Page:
Most employers tend to ignore tasks that are outside of their main business focus. While it is only human nature to put off doing things you dislike, it is not a good strategy for running a profitable business. It can be a particularly costly when it comes to your benefit programs – especially when you consider that, after payroll, employee benefits are your second highest business expense.
It is surprising how many employers overpay for their benefit programs simply because they do not take the time to determine if their business is receiving value for the dollars spent. As an employer, you should review your plan three to six months (depending on the size of your company) prior to the benefits renewal each year. Factors to consider include:
· Whether the program helps rein in claims by encouraging wellness and managing chronic conditions.
· If the claims to premium ratio is reasonable (small companies won’t be able to get this information, but sometimes it can be extracted).
· If the plan fits or exceeds employee needs.
Unfortunately, employers often skip this step. Instead, they concentrate on the increased cost of benefits in the annual renewal letter and on finding ways to reduce that cost. What they fail to acknowledge is that, without understanding how their employees use health insurance, it is impossible to know where to cut costs.
For example, simply raising the deductible or skinnying down the network will cause employee dissatisfaction and may reduce productivity. So, before doing this, it is a good idea to survey your employees and find out what is important to them. Many times, what the executives need is entirely different from what matters to the rank and file. How they use the plan is often different, too. You may discover that your company needs more than one plan to accommodate these different requirements.
Lowering premiums by implementing a high deductible health plan without educating your employees is likely to be a disaster. To avoid this, employers have two choices to consider:
· Offer a health savings account (HSA) so the employee or the employee and the company can fund the deductible and the employee becomes more cognizant of the cost of care (because the funds in the account belong to him/her).
· Use a Health Reimbursement Arrangement (HRA) whereby the employer self-insures the deductible and takes a tax deduction for the expense.
Another important consideration is self-insurance. Health insurance has three components: administration, risk protection, and claims. In a fully insured plan, an actuary estimates the amount of the claims for a group (or for small groups the trust they are put in) for the coming year. Premiums are based on these projections, regardless of whether the claims are incurred or not.
In a self-insured plan, information is gathered about the health of the participants, the actuary makes a claims projection specific to the group, and claims are paid as incurred. In some cases, if the estimated claims exceed the incurred claims there is a refund at the end of the year for a portion of the difference. Self-insured plans also include stop loss insurance, both for each employee and for the overall company. This protects the employer from high claims and runout coverage in case the plan is terminated and claims are submitted after the termination date.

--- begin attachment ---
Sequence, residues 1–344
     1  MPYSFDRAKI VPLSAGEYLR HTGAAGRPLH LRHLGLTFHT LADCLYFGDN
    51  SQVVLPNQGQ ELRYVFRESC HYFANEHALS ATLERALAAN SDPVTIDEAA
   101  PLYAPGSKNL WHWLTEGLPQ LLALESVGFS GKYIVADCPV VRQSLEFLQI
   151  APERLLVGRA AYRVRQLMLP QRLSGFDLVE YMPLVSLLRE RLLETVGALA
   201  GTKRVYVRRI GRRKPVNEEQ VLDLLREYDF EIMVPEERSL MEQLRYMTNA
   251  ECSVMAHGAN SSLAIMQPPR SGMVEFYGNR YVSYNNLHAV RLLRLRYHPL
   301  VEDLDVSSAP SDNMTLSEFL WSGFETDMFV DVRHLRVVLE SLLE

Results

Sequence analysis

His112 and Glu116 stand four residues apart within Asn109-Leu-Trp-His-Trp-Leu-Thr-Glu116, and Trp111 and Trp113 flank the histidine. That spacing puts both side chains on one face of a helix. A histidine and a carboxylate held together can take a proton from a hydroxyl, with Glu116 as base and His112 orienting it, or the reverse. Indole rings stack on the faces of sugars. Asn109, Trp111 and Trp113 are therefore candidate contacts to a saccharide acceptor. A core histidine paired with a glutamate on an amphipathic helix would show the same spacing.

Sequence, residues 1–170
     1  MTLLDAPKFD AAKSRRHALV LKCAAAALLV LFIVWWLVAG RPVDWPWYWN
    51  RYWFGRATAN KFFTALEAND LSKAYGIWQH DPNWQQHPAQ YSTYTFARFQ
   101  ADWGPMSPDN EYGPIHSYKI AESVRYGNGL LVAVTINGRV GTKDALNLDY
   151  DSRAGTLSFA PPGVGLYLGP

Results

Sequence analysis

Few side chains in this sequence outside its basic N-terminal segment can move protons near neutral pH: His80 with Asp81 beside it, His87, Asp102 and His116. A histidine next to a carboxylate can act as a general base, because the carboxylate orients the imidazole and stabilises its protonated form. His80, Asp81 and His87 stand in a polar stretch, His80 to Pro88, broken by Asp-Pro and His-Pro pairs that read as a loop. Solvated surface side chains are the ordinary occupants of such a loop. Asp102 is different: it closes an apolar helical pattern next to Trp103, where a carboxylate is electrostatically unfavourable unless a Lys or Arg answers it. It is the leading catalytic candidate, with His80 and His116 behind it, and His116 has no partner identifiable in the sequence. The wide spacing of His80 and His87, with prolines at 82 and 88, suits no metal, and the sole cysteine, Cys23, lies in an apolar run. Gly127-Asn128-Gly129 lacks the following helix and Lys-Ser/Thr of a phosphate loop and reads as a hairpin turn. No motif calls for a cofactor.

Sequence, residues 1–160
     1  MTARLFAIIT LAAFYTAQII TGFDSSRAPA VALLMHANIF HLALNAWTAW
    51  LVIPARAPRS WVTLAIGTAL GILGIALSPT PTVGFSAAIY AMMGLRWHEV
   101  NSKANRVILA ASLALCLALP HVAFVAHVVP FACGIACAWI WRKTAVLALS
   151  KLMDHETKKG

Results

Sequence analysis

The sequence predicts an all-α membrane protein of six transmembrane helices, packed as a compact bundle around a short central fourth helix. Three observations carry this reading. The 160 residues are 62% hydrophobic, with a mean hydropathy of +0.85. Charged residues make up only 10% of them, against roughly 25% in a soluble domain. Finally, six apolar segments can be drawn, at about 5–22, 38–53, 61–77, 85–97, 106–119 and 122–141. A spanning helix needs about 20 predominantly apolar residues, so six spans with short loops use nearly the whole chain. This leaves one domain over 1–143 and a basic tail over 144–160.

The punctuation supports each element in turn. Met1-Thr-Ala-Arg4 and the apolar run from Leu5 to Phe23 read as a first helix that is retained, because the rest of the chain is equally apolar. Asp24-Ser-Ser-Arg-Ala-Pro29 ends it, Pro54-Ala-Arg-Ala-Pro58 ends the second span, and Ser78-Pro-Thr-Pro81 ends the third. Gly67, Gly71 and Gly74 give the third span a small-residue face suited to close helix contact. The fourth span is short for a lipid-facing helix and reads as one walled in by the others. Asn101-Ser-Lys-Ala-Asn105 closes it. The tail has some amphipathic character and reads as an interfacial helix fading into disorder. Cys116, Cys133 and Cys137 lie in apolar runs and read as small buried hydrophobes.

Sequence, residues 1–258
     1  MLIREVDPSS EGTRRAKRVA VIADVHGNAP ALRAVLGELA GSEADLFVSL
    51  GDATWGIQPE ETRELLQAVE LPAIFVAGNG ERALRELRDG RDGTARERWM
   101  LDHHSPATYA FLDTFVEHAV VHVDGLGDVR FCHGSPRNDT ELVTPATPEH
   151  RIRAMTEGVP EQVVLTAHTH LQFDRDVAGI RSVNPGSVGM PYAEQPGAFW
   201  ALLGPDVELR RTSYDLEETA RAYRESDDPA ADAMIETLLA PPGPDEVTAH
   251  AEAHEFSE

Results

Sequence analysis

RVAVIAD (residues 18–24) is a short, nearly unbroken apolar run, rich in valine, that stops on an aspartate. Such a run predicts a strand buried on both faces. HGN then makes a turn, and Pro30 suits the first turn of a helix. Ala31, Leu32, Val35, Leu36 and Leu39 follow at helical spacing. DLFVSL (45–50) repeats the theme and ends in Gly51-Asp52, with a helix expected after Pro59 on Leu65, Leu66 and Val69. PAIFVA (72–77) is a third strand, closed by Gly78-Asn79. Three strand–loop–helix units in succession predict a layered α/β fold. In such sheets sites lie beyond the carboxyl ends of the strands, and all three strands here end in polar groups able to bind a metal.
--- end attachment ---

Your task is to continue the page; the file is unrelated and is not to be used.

Other reasons employers overpay include failing to keep current with what their competitors are offering; and working with the same broker year after year and not exploring new or more creative ways to approach their benefit package. Even worse, some employers don’t have a broker. If you buy directly from the carrier, you will never know what else is available or better priced because it is not in their interest to tell you.
In summary, employers who want to avoid overpaying for their benefit programs should be mindful of the following:
1. Not conducting an annual review to see what is and is not working.
2. Too much concern about the cost of insurance rather than what’s driving those costs.
3. Not surveying employees about their needs/interests and a lack of understanding of how employees use health insurance.
4. Implementing a high deductible health plan without helping employees pay the deductible. This will lead to higher claims and higher premiums because employees will put off care and simple issues will become larger claims.
5. Not realizing that HSAs do not make employees better healthcare consumers unless they are provided with education and assistance opening and funding an account.
6. Lack of awareness that a HRA (Health Reimbursement Arrangement) can fund a high deductible plan while only paying for claims incurred.
7. Not offering incentives for wellness programs or for those with chronic conditions to stay on track with their disease management program.
8. Failure to evaluate how to fund benefit programs, consequently paying for claims whether they are incurred or not.
9. Not taking advantage of the 50% tax credit in the Healthcare Exchange if they qualify.
10. Working with a broker who does not present all of the options available to them.
11. Not getting proposals from at least two other brokers to see if there are more competitive products/solutions available.
12. Not having a broker and believing they don’t need one.
Not sure if you and your employees are getting the most from your benefits dollars? Call us at 201-255-6239.